I am of Minnesota,
And of the heartland
Good man, think I thee,
For of great community,
Come and live with me
I am of Minnesota,
Sitting an hour between classes seemed as days elapsed,
at a Washington Avenue coffeehouse table,
where tall transparent windows
beamed reflective light,
beaconing inquisition: “just look outside”.
Taking the hint, lazy eyes gazed to witness a fashion of layers,
dark shades of boots, and clench-fisted gloves,
blankly moving full-through their owner’s stepping saunter;
blurred these creatures came going along the sidewalk’s edge,
tracking herds in asymmetrical circles,
in late-winter’s dressings—
they gave a bob and weave dance,
contrasting against the
silhouetted patrons standing inside in line, motionless.
A cigarette had fallen central to the commotion,
and became squashed-to on the wet ground—
accordion-like, a thin pale smoke drifted above and into the street air,
between stoplights and cars,
vanishing with exhaust fumes
and puffed exhalation plumes of each passing pedestrian.
Cold feet, slick rubber wheels, and the Green Line’s steel
came around loud moving through,
bounding over the dotted masses of miniature speckled glaciers,
emitting a cacophony of moans, shrieks and squeals
one’s ears could not avoid, even within shut doors.
On a stage there stood warm vessels waiting
for huddles of hypothermic;
metro transit arrived late near soon to be ice-melt
and future city gutter streams.
I sat sipping hot sepia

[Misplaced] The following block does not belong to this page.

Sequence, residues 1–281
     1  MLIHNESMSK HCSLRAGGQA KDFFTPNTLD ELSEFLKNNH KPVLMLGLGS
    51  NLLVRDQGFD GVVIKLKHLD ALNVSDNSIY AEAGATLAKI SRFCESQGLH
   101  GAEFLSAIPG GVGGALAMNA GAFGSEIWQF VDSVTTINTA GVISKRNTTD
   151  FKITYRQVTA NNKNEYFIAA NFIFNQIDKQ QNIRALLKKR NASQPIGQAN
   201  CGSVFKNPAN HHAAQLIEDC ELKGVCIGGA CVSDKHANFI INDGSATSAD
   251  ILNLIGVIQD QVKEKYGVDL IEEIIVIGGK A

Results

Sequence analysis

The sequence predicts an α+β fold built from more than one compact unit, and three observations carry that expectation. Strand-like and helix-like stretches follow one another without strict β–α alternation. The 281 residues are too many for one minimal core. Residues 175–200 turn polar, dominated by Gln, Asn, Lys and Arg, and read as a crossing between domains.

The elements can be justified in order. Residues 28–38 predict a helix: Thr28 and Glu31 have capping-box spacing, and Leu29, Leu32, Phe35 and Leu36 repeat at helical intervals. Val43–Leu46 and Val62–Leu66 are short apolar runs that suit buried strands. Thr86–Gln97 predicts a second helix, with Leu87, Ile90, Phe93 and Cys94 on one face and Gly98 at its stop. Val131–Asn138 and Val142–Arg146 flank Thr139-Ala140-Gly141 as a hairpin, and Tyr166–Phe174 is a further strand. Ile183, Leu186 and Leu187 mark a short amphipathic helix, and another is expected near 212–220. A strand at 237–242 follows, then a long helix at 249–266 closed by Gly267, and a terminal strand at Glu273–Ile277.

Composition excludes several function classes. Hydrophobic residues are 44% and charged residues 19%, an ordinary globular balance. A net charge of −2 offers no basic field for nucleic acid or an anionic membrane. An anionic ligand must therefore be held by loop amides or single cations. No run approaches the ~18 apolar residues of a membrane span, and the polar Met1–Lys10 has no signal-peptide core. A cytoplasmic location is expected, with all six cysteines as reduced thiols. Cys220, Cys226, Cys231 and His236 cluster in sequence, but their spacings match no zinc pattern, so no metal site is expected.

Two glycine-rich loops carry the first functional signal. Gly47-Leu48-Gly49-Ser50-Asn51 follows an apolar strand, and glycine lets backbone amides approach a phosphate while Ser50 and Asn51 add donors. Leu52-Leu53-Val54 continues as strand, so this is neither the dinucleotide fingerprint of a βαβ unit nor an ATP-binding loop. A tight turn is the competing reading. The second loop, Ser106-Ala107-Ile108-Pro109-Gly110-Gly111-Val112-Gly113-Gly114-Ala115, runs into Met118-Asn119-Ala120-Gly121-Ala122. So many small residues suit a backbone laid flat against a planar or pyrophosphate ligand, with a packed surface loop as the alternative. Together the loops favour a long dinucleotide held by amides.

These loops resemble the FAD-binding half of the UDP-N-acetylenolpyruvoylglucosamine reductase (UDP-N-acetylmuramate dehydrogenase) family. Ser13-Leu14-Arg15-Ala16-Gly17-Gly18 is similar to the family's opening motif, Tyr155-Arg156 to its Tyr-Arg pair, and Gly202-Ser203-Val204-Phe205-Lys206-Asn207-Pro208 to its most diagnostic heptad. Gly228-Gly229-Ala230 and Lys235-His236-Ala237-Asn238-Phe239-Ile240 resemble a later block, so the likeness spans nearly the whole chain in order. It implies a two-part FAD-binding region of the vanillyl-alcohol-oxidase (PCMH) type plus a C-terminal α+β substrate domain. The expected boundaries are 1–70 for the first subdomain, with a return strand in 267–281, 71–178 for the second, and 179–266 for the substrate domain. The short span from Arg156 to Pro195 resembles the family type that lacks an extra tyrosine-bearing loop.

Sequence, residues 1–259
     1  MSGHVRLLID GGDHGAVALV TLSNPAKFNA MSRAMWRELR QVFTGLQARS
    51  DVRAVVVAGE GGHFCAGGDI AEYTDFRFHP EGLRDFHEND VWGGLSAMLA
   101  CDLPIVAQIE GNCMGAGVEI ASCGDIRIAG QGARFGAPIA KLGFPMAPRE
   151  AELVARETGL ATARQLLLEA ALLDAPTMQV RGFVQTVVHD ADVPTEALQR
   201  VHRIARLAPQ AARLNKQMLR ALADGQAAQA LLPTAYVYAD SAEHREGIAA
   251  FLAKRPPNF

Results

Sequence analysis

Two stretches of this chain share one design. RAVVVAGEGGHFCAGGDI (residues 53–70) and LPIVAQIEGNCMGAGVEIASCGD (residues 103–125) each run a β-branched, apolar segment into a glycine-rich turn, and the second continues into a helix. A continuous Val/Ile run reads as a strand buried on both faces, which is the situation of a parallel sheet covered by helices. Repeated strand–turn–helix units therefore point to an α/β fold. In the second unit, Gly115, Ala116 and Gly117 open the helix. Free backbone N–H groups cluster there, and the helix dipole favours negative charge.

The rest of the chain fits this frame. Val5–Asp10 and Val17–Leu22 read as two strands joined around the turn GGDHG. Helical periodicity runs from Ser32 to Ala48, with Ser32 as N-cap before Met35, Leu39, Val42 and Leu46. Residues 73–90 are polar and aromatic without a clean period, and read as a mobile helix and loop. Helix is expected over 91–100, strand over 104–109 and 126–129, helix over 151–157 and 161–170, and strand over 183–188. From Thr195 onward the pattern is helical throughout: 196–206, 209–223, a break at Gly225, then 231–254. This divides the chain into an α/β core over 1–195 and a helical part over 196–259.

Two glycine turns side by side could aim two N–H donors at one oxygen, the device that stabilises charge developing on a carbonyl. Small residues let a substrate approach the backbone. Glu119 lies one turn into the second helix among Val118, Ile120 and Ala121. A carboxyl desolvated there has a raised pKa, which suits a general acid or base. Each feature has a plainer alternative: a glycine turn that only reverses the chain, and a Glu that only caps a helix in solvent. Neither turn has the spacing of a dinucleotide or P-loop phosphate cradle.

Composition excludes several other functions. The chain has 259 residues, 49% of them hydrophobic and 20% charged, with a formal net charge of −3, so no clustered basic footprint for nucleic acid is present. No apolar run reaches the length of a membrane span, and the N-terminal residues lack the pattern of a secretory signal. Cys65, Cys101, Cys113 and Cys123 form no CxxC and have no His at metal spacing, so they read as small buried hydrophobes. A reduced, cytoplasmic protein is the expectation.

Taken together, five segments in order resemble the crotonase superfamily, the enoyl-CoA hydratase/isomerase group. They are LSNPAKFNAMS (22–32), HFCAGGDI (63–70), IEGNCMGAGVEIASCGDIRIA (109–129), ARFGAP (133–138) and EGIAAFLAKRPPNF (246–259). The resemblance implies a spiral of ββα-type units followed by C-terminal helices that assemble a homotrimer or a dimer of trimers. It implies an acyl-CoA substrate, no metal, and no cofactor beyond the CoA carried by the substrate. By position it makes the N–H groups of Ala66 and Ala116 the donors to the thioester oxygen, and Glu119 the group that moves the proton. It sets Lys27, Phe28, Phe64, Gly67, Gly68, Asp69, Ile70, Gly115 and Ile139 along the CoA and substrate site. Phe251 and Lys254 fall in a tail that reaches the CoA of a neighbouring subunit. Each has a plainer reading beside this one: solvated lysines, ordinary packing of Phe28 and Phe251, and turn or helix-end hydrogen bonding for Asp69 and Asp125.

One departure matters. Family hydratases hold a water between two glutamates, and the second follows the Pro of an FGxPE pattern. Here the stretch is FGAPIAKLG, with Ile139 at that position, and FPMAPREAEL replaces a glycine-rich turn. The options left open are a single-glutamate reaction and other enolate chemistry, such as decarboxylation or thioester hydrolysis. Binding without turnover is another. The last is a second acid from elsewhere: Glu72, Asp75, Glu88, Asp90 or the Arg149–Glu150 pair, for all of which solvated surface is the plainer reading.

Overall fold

with this view, with this wildlife,
wondering how the animals at the zoo
felt about the
who poked and smudged at their glass view.
June: It seems so far away, I wish it were today.
A room full of Artists standing high in watch,
One opens wide a mouth, exit words of thought,
An occurrence of perfect* art, too unmeasurably so;
Those in the crowd would attempt not to know.
Night black as Bakken
oil, which malignly pours past silent
shipped in cryptic-marked tanker cars
under cover of darkness, rightly
so, they move obtusely opaque—
opposite downtown lights which stick to a wetted haze
in the distance, making this Midwest city glow
for miles—some say 150 of them away.
The shit we’ve seen, and haven’t.
That which creeps along can be found in a jet, in
a car, or on foot,
rock snow-crust, cold as a
flushed-toilet shower’s mist—you know; everything
is connected, retraced, unplugged,
tubed, tied, aborted,
Truths for lies:
This is safe,
This is fact,
This in fact is safe,
We care about you.
It is snug-up, or snug-down, or
just snug enough, or caught in between comfortable,
and I can’t go outside,
I have to decide.
Then it is: A pub visit, a flipped
switch, a lit door in the distance—these
palm trees have become foreigners
in desert sands which have turned to mud
by native rain power in your very living room
by way of: your very hand;
the vessel you hold,
repurposed from some ornate
decoration, from some ornate
description, from so-and-so’s ornate party,
or from some ornate magazine—ornate parts
And that is life:
black as night as petro ships by, as exhaust fumes fly,
as exhausted you sleeps, you snore, you don’t think;
as an “elected” official’s bank account goes cha-ching,
as a CEO draws outside of the lines, and talks energy.
(of course we need)
as the air goes in and out
of his mouth,
and in and out,
and in and out—
Like fucking, really.
Hey, you thought it. :)
Humans without a care,
they are there happily unawares.
With smiles on their dreaming faces,
as that napalm tube rolls on steel wheels in their backyards.
I once met this “poet”,
He hadn’t written a single word—
It’s been years since then,
He bears the same rank and title.
When our drinking waters have been set aflame,
and we’ve destroyed our pristine rolling bluffs;
the people of the Coulee Region will be ashamed,
while the mining corporations won’t have enough.
A life made of days,
A year made of moments;
How we will forget—
The places in between.
A Midwestern city holds its frozen contents—
These hardened pieces go about on their own.
Uniquely conditioned to unforgiving climates;
Still those passive parts make up the whole.